Poison stats show demographic difference
New figures show poisoning remains a significant public health problem in Australia, and that it differs between age groups.
Data from the four state-based Poisons Information Centres (PICs) has been used to analyse poisoning exposures by age group, circumstances of exposure, and the types of substances involved.
There were 170,469 calls (including re-calls about an exposure) related to 164,363 poison exposure events in 2015.
Of those, 64.4 per cent were unintentional, 18.1 per cent were the consequences of medication error, and 10.7 per cent involved deliberate self-poisoning.
“Most exposures were of 20-74 year-old adults (40.1 per cent) or 1-4 year-old toddlers (36.0 per cent),” says Alanna Huynh, a poisons information specialist.
“The most common substances involved in exposures overall were household cleaners (10.2 per cent) and paracetamol-containing analgesics (7.3 per cent).
“Exposures of infants and toddlers were most frequently to household cleaning substances (17.8 per cent and 15.3 per cent respectively) and personal care items (6.6 per cent and 7.3 per cent); callers were usually advised to stay at home (88.5 per cent and 86.4 per cent).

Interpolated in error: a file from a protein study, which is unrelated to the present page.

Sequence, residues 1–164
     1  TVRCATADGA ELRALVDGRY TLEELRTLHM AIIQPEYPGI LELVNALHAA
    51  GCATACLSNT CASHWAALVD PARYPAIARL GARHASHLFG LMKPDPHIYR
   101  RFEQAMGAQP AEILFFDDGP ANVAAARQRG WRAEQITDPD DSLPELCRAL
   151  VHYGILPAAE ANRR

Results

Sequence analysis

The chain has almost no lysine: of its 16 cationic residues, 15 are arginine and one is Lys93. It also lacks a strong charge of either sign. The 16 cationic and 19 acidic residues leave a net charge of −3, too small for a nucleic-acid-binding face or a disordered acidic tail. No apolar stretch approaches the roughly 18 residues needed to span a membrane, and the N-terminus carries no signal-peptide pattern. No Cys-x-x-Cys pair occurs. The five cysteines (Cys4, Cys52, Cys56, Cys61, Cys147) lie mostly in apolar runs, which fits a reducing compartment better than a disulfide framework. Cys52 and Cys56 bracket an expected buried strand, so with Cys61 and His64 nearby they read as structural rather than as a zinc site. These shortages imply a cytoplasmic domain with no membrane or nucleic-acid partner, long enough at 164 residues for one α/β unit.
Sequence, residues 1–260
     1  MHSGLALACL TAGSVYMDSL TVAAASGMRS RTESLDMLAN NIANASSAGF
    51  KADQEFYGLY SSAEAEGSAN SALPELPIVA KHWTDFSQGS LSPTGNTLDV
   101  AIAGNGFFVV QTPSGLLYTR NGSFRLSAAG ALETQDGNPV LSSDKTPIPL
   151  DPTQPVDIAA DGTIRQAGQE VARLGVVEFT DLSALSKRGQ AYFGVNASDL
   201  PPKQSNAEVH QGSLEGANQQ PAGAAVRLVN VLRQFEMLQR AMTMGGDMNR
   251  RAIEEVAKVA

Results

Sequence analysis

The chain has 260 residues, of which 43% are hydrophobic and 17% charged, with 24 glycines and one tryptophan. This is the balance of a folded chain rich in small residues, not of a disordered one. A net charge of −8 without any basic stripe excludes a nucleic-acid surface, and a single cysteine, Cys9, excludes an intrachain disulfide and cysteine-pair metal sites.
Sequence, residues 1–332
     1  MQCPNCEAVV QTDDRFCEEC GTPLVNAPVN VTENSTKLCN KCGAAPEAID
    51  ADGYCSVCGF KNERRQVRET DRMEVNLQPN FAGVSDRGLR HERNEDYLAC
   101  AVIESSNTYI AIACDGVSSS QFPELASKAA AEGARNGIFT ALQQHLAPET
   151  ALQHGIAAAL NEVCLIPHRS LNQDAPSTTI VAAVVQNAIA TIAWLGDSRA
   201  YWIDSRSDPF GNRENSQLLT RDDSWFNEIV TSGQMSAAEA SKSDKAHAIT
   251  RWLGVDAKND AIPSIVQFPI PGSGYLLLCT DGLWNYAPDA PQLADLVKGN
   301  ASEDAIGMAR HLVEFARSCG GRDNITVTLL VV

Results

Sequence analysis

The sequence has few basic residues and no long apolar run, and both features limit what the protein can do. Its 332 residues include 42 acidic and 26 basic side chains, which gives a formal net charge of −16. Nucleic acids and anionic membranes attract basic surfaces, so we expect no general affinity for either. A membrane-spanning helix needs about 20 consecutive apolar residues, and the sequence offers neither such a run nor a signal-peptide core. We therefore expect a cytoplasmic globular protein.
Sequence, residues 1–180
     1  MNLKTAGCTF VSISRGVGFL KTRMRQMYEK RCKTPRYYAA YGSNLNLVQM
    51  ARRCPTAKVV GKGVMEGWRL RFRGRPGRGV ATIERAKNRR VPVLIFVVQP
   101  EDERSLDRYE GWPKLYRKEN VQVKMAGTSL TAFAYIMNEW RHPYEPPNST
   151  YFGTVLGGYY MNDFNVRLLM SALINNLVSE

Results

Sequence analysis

“Deliberate self-poisoning (49.1 per cent) and hospital referral (23.9 per cent) were most frequent for adolescents.
“Poisoning with over-the-counter medications (including paracetamol and NSAIDs) was common in this group, suggesting that reducing sales of these agents to adolescents would be a useful prevention strategy.
“High rates of poisoning with antidepressants and antipsychotics indicate that prescribing these agents should be restricted to those most likely to benefit, and their toxicity profile should be considered when prescribing them for adolescents at higher risk of deliberate self-poisoning.
“Exposures of adults (20-74 years) frequently involved psychotropic pharmaceuticals (17.8 per cent) or painkillers (15.1 per cent). Exposures in adults over 74 were typically medication errors involving cardiovascular (23.6 per cent), anticoagulant (4.6 per cent), or antidiabetic (4.1 per cent) medications.”
The scheduling of medications made a difference to the likelihood of them being involved in poisonings, the authors found.
“Schedule 8 medications were least often implicated in unintentional and deliberate self poisoning in all age groups, suggesting that scheduling an item as Schedule 8 — with stringent criteria for prescribing, storage and dispensing — is effective in reducing access and poisonings,” they wrote.
Huynh and colleagues suggested that better support for nationwide preventive activities “such as education, toxico-vigilance, and policy effectiveness research” was needed.
“They could be highly cost-effective approaches to reducing poisoning rates.”